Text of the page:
February 21, 2020
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Maine’s leadership on climate change helps lower energy costs, too

George Danby | BDN
George Danby | BDN

Over the past decade, Maine has taken several leadership steps on climate change. We were the first state to adopt a law setting targets and establishing a state plan to reduce carbon emissions. Maine then helped develop and joined the first multistate program to set limits on carbon pollution from power plants, known as the Regional Greenhouse Gas Initiative, or RGGI.

Maine’s actions on climate — combined with our tremendous renewable energy resources — give us a competitive advantage as the rest of the nation begins to put limits on carbon pollution. They also are providing major benefits right now in the form of increased energy efficiency and reduced energy bills.

Having been a senior hospital administrator for 27 years, I know hospitals struggle to keep costs down. Hospitals are energy intensive. Consider all those square feet to heat and keep well lit, all the energy-intensive equipment and all the hot water needed to meet cleanliness and sterilization standards. Energy efficiency improvements can yield huge savings, as long as hospitals can make the necessary upfront investments.

That’s where RGGI comes in. Since 2008, the RGGI program has been generating revenue for energy efficiency assistance for Maine homes and businesses. A large portion of those funds have been used specifically to help Maine’s largest energy consumers, from hospitals to paper mills, reduce their energy costs. Assistance comes in the form of technical analysis, trusted information, and financial assistance to lower upfront costs and steer investments toward the most energy-efficient options available.

By the end of 2013, Efficiency Maine programs funded by RGGI had yielded more than $250 million in energy savings. It is essential that we continue this work. Hospital administrators need to make it a priority to take advantage of energy efficiency opportunities. We must continue to ensure RGGI funds are available to Efficiency Maine, but all of us also have a responsibility to put the time and money into reducing our own energy costs. The beauty of energy efficiency is that it is something we can do ourselves to lower energy costs — as opposed to gambling on oil and gas markets that will always be largely beyond Maine’s control.

RGGI has gained extra significance lately because the U.S. Environmental Protection Agency recently released the Clean Power Plan, which establishes the first national limits on carbon pollution from power plants. Maine is supremely well positioned because, thanks to RGGI, we’re already on track to meet or exceed those standards. The Clean Power Plan is like getting your cake and eating it, too, because although it won’t require Maine to do much differently, it will require states and polluters up wind of us to reduce their levels of pollution.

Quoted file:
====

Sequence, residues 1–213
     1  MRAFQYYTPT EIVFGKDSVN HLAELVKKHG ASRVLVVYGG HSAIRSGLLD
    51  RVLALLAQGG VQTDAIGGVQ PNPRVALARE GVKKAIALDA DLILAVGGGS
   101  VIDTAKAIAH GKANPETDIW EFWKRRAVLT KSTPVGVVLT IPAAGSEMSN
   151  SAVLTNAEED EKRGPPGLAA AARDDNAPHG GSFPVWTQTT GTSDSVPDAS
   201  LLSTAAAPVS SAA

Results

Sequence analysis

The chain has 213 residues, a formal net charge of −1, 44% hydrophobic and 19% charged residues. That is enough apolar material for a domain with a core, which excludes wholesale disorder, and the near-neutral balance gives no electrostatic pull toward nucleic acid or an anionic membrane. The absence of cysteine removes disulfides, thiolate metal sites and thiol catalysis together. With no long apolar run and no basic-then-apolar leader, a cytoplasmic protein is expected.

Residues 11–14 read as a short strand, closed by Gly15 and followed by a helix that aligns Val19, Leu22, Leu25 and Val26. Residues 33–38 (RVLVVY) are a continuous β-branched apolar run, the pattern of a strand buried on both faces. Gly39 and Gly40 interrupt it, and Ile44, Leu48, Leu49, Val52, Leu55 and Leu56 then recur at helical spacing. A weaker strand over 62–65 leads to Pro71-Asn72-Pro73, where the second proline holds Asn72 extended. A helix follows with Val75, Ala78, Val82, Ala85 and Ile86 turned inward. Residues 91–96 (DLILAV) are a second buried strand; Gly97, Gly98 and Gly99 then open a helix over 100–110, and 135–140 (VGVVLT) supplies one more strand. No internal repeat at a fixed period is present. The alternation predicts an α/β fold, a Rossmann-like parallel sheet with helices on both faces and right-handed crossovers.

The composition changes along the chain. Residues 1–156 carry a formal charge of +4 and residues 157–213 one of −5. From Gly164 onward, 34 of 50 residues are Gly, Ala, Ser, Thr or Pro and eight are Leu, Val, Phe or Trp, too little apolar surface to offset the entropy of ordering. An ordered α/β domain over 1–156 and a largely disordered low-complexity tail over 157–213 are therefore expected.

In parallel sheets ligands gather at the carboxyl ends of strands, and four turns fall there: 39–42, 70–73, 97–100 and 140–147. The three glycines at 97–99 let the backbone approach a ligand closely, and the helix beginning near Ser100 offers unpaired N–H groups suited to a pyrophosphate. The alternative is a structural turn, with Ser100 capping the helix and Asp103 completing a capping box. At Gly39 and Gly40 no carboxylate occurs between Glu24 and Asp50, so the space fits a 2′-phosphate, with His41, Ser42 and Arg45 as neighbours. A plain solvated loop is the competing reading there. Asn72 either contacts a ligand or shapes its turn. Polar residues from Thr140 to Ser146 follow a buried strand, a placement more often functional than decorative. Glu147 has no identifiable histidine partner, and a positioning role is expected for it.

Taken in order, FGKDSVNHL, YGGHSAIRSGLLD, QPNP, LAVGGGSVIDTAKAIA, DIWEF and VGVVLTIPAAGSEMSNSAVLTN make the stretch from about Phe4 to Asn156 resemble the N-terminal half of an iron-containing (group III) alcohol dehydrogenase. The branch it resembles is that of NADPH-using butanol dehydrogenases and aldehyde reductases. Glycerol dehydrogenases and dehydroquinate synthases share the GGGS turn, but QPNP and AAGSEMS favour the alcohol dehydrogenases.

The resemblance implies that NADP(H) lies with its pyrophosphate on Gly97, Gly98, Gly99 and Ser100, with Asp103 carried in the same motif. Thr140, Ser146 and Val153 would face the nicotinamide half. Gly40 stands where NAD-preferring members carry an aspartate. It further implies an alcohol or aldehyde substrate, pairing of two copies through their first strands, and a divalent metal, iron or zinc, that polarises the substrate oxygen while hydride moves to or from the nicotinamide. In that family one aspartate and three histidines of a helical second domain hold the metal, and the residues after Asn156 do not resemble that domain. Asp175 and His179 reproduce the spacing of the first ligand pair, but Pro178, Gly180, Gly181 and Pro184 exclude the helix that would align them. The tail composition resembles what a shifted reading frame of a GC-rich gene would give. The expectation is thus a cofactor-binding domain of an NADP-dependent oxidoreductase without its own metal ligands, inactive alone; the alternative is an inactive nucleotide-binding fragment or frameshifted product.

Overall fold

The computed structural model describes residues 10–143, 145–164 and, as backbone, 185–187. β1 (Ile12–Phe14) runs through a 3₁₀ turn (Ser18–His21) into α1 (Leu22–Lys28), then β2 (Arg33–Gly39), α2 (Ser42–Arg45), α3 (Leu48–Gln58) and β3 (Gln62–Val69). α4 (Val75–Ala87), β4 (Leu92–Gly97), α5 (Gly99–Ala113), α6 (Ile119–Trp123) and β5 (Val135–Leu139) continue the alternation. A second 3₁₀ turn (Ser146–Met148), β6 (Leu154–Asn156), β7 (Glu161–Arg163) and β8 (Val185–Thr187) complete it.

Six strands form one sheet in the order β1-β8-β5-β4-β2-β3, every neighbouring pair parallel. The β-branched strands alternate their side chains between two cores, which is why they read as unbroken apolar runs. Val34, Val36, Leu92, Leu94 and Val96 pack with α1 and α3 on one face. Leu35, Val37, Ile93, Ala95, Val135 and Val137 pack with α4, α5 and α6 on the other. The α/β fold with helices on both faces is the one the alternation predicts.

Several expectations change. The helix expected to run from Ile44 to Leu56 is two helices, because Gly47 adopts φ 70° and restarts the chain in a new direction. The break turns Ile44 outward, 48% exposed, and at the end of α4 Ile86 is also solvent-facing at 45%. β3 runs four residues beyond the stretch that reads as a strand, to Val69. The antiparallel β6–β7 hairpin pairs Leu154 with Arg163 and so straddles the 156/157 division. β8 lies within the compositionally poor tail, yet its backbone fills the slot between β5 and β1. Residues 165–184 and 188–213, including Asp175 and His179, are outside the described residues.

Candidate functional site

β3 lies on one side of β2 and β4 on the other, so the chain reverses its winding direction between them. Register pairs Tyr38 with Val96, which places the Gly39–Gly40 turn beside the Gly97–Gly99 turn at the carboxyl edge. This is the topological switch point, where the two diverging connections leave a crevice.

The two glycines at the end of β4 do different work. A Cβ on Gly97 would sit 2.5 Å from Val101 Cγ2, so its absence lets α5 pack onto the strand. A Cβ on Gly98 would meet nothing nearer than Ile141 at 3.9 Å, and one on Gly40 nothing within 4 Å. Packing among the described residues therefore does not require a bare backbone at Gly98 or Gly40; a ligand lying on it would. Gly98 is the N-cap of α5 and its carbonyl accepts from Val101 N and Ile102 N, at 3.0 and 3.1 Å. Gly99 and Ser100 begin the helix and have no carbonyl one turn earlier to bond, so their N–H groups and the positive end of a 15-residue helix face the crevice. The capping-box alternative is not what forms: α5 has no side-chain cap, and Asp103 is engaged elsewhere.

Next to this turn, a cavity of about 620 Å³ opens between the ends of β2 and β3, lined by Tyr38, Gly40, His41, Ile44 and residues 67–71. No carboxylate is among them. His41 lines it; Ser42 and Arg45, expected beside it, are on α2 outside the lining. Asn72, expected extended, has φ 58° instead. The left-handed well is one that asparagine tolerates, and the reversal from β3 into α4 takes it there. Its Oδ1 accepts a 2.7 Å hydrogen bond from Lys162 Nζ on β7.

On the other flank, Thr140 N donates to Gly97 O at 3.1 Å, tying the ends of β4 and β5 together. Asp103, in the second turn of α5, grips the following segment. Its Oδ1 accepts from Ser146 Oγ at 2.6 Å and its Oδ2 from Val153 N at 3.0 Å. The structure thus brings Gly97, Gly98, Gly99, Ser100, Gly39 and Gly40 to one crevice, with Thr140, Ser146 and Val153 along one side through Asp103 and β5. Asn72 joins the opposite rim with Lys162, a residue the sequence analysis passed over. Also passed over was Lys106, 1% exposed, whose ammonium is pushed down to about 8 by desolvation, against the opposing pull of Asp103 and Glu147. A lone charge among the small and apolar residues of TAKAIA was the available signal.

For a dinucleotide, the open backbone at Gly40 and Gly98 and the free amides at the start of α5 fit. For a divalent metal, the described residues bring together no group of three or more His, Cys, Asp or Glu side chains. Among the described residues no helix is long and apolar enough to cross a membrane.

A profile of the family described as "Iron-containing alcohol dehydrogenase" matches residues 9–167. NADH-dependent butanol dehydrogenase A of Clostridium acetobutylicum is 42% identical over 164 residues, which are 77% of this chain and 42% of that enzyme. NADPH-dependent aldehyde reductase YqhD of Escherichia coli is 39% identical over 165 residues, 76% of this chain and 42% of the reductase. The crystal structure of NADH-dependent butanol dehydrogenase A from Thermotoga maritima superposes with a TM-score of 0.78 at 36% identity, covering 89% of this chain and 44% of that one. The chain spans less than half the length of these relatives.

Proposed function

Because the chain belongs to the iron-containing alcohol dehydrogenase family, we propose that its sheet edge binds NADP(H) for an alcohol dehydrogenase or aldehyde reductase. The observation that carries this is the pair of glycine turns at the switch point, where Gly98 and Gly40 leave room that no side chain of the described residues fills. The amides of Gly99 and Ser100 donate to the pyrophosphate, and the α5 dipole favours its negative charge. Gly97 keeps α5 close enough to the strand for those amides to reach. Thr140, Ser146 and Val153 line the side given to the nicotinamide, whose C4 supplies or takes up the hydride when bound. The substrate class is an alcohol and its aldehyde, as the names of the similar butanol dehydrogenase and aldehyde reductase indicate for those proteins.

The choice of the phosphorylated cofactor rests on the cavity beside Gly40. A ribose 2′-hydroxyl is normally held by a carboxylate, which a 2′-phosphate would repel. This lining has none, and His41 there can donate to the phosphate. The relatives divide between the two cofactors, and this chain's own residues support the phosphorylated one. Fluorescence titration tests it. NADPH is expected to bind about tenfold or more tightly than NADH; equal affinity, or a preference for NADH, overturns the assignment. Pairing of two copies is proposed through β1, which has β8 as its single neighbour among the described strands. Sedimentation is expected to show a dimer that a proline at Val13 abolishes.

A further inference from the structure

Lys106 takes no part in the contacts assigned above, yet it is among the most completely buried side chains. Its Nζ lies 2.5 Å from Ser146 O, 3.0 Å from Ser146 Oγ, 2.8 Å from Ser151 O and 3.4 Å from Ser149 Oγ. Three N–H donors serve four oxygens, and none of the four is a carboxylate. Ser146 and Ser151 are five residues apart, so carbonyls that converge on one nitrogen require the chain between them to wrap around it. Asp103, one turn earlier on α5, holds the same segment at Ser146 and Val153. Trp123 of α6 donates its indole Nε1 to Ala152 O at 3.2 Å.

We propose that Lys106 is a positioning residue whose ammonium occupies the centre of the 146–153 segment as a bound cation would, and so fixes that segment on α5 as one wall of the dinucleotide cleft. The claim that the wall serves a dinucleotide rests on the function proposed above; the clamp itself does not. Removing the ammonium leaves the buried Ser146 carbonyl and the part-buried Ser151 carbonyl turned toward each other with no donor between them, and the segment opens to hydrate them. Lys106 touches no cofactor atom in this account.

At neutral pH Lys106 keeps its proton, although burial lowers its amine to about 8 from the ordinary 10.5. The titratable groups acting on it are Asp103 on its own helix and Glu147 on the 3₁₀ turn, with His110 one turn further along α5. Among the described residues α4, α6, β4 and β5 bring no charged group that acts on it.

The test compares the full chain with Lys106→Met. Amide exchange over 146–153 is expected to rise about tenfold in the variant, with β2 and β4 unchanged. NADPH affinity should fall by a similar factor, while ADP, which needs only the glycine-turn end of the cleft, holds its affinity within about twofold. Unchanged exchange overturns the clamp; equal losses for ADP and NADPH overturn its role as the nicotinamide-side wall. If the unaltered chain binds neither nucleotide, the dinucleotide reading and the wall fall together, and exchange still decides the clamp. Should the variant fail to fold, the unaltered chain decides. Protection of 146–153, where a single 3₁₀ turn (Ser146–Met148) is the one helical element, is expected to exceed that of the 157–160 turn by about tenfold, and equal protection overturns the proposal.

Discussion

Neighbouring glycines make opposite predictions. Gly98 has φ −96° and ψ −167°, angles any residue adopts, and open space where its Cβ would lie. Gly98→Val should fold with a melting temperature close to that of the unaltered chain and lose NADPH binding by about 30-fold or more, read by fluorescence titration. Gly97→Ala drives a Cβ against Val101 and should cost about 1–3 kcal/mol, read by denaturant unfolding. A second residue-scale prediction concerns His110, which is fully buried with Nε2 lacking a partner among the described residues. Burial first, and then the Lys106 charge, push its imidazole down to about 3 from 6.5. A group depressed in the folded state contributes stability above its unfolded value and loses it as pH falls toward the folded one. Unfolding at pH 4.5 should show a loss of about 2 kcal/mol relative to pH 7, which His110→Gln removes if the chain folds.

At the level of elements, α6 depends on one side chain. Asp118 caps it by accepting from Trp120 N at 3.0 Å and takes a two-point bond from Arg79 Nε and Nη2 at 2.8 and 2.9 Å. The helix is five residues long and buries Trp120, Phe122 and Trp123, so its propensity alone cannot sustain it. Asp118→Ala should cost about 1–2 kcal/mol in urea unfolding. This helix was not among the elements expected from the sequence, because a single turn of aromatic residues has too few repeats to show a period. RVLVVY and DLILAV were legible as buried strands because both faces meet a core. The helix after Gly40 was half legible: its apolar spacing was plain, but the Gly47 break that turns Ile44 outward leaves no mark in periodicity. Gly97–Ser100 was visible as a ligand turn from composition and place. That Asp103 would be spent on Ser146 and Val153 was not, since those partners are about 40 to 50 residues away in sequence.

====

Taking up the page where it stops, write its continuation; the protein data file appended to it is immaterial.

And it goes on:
That is good news for the health of Maine people, because it will lead to cleaner air and help curb the impacts of climate change. We all know Maine suffers from air pollution emitted by coal power plants to our west and south. National policies are necessary to tackle this problem — and previous national clean air standards have made a big difference.

A changing climate itself is also bad news for public health in Maine and requires national action. Warming temperatures accelerate smog formation and will lead to significant increases in asthma attacks and other respiratory illness. The EPA estimates the Clean Power Plan will lead to 1,700 fewer hospital admissions, 3,600 fewer premature deaths and 90,000 fewer asthma attacks by children. Shorter, more mild winters are already leading to rapid increases in insect-borne diseases, such as Lyme disease and West Nile virus. Since 2005, the incidence of Lyme in Maine has grown fivefold. How much worse things including asthma and Lyme get depends on how swiftly we can take action to cut pollution.

Therefore, the public health sector has a lot to gain from smart climate policies at the state, regional and national levels. National pollution limits will lead to cleaner air in Maine and mitigate some of the worst public health impacts of warming. And Maine’s smart, regional approach that combines cutting pollution with funding for energy efficiency means hospitals and others can get help lowering their energy costs.

I urge our state and federal leaders to support RGGI and the Clean Power Plan.

Warren Kessler was the longtime CEO of MaineGeneral Health, which includes the MaineGeneral Medical Center in Augusta and facilities throughout central Maine. He lives in Manchester, Maine.


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